Coming off what might have been his worst game in the NHL and staring at a healthy scratch later in day, Blackhawks defenseman Jan Rutta still was able to crack a smile and a joke Monday. He tried in vain to find the right English word to describe his mindset before settling on an old professional athlete standby.
‘‘It is what it is,’’ he said. ‘‘I just take things easy. We had a few bad games, but that’s what’s good about the sport. In a week, we can go on a roll.’’
If and when that happens for Rutta, it won’t be with his usual partner, Gustav Forsling. The 21-year-old was sent down Sunday to Rockford to make room for center Artem Anisimov, giving the Hawks only seven defensemen for the first time this season. Forsling and Rutta had emerged as the Hawks’ new shutdown pairing during a stellar stretch in November, but their play dropped off a cliff in recent weeks.
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In the Hawks’ 7-3 loss Saturday, Rutta was on the ice for six of the Islanders’ goals; Forsling was on the ice for four. Forsling is still a big part of the Hawks’ future and undoubtedly will be back. But he needs the boost in confidence that can come from playing big minutes against lesser players in the American Hockey League.
Heck, it happened to Forsling just last season, when a good start ended in a demotion in February.
‘‘It was about confidence for me last year,’’ Forsling said earlier in the season. ‘‘It’s tough to explain. Sometimes you have it, sometimes you have to dig deep to find it.’’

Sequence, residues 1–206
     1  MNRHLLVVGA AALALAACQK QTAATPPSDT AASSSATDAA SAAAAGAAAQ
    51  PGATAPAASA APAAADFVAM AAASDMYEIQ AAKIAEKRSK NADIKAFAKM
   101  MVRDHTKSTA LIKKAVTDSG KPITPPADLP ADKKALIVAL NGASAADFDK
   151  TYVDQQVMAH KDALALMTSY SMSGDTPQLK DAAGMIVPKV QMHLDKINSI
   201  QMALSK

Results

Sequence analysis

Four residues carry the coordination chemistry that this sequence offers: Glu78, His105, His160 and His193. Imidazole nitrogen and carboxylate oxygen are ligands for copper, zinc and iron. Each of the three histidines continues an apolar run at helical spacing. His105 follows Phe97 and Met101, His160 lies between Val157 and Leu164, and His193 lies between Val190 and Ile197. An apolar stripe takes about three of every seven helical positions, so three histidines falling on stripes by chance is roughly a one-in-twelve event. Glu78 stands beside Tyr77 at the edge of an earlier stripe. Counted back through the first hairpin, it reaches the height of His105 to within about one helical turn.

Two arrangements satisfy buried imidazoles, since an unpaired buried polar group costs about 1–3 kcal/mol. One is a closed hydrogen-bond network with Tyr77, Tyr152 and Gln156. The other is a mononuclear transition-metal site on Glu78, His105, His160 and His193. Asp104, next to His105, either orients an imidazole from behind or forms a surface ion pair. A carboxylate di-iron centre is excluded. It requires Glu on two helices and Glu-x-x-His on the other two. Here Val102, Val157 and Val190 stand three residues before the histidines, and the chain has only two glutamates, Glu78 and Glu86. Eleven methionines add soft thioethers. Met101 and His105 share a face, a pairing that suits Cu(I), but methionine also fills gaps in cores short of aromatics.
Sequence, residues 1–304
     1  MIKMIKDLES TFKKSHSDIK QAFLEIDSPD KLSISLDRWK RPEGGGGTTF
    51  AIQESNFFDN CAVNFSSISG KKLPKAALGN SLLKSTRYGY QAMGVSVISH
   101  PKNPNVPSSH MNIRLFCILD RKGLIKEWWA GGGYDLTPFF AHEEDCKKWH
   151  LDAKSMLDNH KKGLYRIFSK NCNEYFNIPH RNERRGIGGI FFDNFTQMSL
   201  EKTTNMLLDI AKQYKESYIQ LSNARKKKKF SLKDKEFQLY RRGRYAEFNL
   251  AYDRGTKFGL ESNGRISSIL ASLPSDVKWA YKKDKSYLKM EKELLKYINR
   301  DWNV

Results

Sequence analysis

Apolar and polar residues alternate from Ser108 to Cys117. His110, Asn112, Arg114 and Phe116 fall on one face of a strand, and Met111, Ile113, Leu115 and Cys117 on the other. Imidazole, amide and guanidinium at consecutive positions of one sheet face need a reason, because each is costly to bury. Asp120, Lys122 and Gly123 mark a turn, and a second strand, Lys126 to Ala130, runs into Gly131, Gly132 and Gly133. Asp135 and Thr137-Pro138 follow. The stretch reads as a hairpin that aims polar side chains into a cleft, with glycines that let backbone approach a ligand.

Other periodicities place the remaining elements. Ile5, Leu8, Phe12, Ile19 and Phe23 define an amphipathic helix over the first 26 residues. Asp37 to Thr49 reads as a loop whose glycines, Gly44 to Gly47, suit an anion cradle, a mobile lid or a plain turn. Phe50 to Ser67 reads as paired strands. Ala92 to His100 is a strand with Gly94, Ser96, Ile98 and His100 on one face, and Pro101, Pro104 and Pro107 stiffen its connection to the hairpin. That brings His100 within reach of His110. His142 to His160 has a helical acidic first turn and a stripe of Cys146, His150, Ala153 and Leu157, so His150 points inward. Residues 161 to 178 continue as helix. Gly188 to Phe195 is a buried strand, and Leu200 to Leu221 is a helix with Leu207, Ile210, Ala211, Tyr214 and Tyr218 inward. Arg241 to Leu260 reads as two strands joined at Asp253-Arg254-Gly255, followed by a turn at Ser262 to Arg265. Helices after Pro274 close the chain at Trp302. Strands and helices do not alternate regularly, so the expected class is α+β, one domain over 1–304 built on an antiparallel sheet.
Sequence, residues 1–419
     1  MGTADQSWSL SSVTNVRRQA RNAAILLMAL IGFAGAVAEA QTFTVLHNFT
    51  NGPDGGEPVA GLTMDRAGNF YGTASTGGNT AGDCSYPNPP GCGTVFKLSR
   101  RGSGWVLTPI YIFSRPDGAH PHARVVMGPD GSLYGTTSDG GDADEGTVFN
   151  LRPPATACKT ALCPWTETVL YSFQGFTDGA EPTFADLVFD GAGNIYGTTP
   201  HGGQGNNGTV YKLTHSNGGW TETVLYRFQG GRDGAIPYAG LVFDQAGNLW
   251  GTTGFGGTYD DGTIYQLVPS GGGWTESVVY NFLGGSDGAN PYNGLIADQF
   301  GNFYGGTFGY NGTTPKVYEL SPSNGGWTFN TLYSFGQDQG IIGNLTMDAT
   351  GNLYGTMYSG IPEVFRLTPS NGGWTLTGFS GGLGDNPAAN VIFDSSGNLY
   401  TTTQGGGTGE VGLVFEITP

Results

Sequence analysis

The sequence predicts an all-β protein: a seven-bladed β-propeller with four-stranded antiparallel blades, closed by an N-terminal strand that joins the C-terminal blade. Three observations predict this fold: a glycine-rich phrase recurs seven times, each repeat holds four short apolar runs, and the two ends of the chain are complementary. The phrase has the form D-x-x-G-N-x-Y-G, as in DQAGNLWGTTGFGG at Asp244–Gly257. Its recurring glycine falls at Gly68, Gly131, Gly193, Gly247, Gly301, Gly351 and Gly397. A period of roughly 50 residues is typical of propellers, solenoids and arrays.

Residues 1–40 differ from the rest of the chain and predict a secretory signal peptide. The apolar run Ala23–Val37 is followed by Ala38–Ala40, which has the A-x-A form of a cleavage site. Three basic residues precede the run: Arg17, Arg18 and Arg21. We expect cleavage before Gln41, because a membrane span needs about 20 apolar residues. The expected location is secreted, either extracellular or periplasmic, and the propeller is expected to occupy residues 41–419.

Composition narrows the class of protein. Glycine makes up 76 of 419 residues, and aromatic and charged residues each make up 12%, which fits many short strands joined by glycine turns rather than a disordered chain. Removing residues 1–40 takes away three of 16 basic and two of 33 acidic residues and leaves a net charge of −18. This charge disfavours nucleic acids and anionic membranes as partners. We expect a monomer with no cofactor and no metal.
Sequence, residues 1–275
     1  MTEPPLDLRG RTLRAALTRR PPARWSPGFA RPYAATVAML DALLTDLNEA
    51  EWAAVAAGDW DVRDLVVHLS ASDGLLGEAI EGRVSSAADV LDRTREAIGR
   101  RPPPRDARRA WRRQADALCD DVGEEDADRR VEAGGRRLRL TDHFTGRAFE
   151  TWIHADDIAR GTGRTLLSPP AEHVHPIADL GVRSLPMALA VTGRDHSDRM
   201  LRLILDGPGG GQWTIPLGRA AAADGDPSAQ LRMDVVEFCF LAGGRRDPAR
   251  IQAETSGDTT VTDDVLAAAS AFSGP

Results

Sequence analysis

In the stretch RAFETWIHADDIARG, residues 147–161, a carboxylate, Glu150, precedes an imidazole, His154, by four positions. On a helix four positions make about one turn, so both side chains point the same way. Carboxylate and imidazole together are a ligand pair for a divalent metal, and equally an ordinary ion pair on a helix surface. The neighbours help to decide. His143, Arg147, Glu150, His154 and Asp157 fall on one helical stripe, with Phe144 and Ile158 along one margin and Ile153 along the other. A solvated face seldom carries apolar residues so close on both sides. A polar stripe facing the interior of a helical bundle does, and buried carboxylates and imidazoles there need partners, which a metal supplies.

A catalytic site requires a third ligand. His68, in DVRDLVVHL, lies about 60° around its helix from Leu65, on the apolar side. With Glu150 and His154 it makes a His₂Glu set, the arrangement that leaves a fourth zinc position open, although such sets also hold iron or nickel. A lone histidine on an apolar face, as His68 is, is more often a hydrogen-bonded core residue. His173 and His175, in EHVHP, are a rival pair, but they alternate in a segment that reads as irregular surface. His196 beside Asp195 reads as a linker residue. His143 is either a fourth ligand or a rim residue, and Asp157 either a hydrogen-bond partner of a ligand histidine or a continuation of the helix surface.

Rutta is in a similar situation as a first-year player trying to make his way in the NHL. But he’s also 27 years old, which gives him a better perspective.
‘‘We started out great, [then] we had a few rough games, and maybe that hurt our confidence a bit,’’ Rutta said. ‘‘When it’s your first or second year in the league, maybe it’s harder to get the confidence back up. But you just stay positive, show up for work every day, work hard and hope for the best.’’
Coach Joel Quenneville said Forsling has made significant strides this season despite his demotion.
‘‘We expect him to get playing and get that confidence and more consistency in his game,’’ Quenneville said. ‘‘We plan to have him back here, but his play’s going to dictate that.’’
Quenneville said goalie Corey Crawford is ‘‘getting better,’’ and Crawford was spotted in the United Center before the game. But Quenneville said there’s no change to his nonexistent timetable.
Calming the nerves
Despite playing 41 games with the Hawks during the 2015-16 season, defenseman Erik Gustafsson admitted to being nervous before his season debut against the Islanders. Setting up Patrick Kane’s goal 61 seconds into the game quickly alleviated that. He later added his first NHL goal.
‘‘When we got the goal at the start, I just felt great and felt like now I could just go out and play my game as I played in Rockford the whole year,’’ Gustafsson said. ‘‘[Brent Seabrook] helped me a lot, too. There’s a couple of new things in the team game, and he helped me a lot during the game and before the game, too. That helped because I was a little nervous. It had been a long time.’’
Of course, the trick now is living up to that start.
‘‘I told my dad I put a lot of pressure on myself now,’’ he said with a laugh. ‘‘Have to score two points every night.’’
Follow me on Twitter @MarkLazerus.